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Clearing Up Confusion Over Bran

October 08, 1987|TONI TIPTON

A reader inquiry about an ingredient in a recent Nutri-Data recipe reads: "What do you mean by 'bran?' Is it a cereal like All-Bran or Bran Flakes or what?"

This may seem like a silly question to some, but queries of this sort are not uncommon since recipes in newspaper food sections, magazines and cookbooks began to use ingredients that are unfamiliar or are referred to by a variety of names.

The bran called for in the recipe in question was unprocessed bran. Here are a few tidbits of information about bran, since a number of letters have posed the same question.

From the Wheat Kernel

Bran is the outermost portion of the wheat kernel. It is removed during processing because of its coarse nature to make all-purpose flour and other baking flours when a light textured product is desired. It is an excellent source of fiber.

Bran can be ground into a fine crumb-like product, called unprocessed bran, and sprinkled into breakfast foods, meat loaves, hamburgers, baked goods and toppings. In this state it also provides the foundation for delicious bran muffins.

Bran is also found in a ready-to-eat cereal form, such as those mentioned above. It can be processed into various forms--shreds and flakes, sweetened or unsweetened and combined with other grains like oats and fruits like dried apples or raisins. Normally, a recipe will specify, even if not by trade name, which of the products is to be used.

Following is a selection of recipes that use these products to give an idea of the generic equivalents.


16 canned asparagus spears, about 5 inches long

2 boned and skinned whole chicken breasts, halved

1/2 teaspoon salt


1/2 sweet red pepper, cut into 16 julienne strips

1 egg

2 tablespoons water

1 cup bran flakes, crushed

2 teaspoons grated lemon zest

1 tablespoon butter, melted

Blender Hollandaise

Simmer asparagus spears in boiling water 1 minute. Drain and cool. Place chicken breasts between plastic wrap and pound to flatten to 1/4-inch thickness. Remove plastic, then sprinkle chicken with salt and pepper.

Center 4 asparagus spears and 4 red pepper strips on each chicken piece. Roll up, starting from narrow end. Fasten with wood picks, if needed.

Beat egg with water. Combine cereal with lemon zest. Dip chicken rolls in egg and coat with cereal. Place in greased shallow baking dish and drizzle with melted butter. Bake at 375 degrees 35 minutes or until chicken is tender. Remove wood picks. Serve with Blender Hollandaise. Makes 4 servings.

Blender Hollandaise

1/4 cup butter

2 egg yolks

2 teaspoons lemon juice

1/8 teaspoon salt

Heat butter in saucepan until hot and bubbly, but not browned. Place egg yolks, lemon juice and salt in blender. Cover and blend at low speed until mixed. Remove cover and continue to blend, pouring in butter in steady stream. When all butter has been added, turn off blender and serve immediately. If sauce is too thick, beat in 2 to 3 teaspoons hot water.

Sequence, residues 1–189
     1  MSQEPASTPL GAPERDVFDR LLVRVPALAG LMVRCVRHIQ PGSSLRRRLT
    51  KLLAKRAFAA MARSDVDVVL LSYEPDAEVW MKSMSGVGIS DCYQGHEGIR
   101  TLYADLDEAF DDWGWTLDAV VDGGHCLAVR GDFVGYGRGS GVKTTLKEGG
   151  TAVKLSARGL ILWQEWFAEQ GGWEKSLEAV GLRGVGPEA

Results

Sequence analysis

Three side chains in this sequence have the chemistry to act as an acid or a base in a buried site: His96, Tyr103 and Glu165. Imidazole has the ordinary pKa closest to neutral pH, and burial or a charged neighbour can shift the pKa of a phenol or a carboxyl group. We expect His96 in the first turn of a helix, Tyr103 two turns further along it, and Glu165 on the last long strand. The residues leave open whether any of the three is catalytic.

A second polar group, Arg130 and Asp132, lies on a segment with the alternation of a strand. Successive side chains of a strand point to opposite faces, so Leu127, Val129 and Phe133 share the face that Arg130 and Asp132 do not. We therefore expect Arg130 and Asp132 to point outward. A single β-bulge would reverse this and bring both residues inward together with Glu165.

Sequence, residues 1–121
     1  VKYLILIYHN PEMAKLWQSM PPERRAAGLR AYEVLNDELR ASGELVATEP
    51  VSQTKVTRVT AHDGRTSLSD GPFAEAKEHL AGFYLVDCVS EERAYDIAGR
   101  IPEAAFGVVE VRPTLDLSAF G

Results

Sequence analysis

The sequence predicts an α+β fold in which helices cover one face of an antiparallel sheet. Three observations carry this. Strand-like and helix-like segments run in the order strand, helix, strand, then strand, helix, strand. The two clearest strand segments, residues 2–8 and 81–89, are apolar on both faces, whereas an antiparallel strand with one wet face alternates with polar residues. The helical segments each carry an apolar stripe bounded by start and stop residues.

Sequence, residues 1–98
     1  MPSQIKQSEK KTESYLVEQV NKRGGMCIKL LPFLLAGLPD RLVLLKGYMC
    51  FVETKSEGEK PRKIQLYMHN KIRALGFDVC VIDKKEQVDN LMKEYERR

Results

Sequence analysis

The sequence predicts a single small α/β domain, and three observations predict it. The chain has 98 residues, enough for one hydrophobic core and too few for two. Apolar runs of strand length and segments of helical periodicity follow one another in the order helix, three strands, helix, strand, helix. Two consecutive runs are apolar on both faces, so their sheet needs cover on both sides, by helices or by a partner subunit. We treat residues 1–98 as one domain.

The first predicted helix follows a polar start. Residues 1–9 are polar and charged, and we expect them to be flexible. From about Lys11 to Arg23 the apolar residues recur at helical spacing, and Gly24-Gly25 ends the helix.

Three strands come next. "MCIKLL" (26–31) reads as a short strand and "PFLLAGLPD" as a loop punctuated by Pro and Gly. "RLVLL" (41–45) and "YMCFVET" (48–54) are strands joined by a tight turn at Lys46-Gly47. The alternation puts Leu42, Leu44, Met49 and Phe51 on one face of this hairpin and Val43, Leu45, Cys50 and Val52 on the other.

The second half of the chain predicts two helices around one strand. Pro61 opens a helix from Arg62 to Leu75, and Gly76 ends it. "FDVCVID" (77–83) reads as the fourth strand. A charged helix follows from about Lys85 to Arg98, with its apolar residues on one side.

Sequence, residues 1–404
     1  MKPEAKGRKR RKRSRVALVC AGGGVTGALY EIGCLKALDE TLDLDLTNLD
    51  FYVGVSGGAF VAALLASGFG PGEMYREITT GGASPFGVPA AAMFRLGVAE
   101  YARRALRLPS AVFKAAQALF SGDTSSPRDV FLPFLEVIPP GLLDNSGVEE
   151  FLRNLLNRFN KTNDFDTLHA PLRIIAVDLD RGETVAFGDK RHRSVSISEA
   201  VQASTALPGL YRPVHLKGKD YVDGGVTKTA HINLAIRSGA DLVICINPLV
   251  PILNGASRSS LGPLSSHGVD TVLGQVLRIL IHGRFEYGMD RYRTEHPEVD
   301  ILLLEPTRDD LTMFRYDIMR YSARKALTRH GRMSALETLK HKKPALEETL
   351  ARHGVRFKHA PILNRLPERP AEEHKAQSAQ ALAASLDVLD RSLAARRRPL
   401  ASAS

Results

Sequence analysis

PER SERVING: 314 calories; 24 gm protein; 10 gm carbohydrate; 21 gm fat; 584 mg sodium; 159 mg potassium.


Protein 36% Riboflavin 25% Vitamin A 45% Niacin 44% Vitamin C 58% Calcium 05% Thiamine 17% Iron 29%


2 (1-pound) eggplants

2 eggs

2 tablespoons water

1 teaspoon ground oregano

1/4 teaspoon salt

3 cups bran flakes, crushed

1/4 cup oil

1 cup low-fat cottage cheese

2 tablespoons finely chopped green onions

2 tablespoons chopped parsley

1/2 pound part-skim mozzarella cheese, shredded

1/4 cup grated Parmesan cheese

2 cups tomato sauce

Peel and slice eggplants into 1/2-inch pieces. Beat eggs with water, oregano and salt. Dip eggplant slices into egg mixture, then into cereal crumbs. Place on baking pan sprayed with non-stick coating spray and brush with 2 tablespoons oil. Broil until eggplant is golden, then turn, brush with remaining 2 tablespoons oil and broil other side. Place half of eggplant in greased 13x9-inch baking pan.

Combine cottage cheese, green onions and parsley and spread over eggplant. Sprinkle with half of mozzarella, half of Parmesan and 1 cup tomato sauce. Top with remaining eggplant, tomato sauce and cheeses. Bake at 350 degrees 30 to 40 minutes. Makes 8 servings.

PER SERVING: 268 calories;17 gm protein; 21 gm carbohydrate; 14 gm fat; 783 mg sodium; 292 mg potassium.


Protein 26% Riboflavin 27% Vitamin A 32% Niacin 14% Vitamin C 22% Calcium 29% Thiamine 18% Iron 34%


1 1/4 cups milk

1 egg, beaten

1/2 cup all-purpose flour

1/2 cup whole-wheat flour

1/4 cup unprocessed bran

2 tablespoons oil

1 1/4 teaspoons baking powder

1/2 teaspoon salt

Combine milk and egg in bowl. Add flours, bran, oil, baking powder and salt. Mix until fairly smooth. For each pancake, pour scant 1/4 cup batter onto hot, lightly greased griddle. Turn pancakes when tops are covered with bubbles and edges look cooked. Turn only once. Makes 4 servings.

PER SERVING: 247 calories; 8 gm protein; 29 gm carbohydrate; 11 gm fat; 442 mg sodium; 227 mg potassium.


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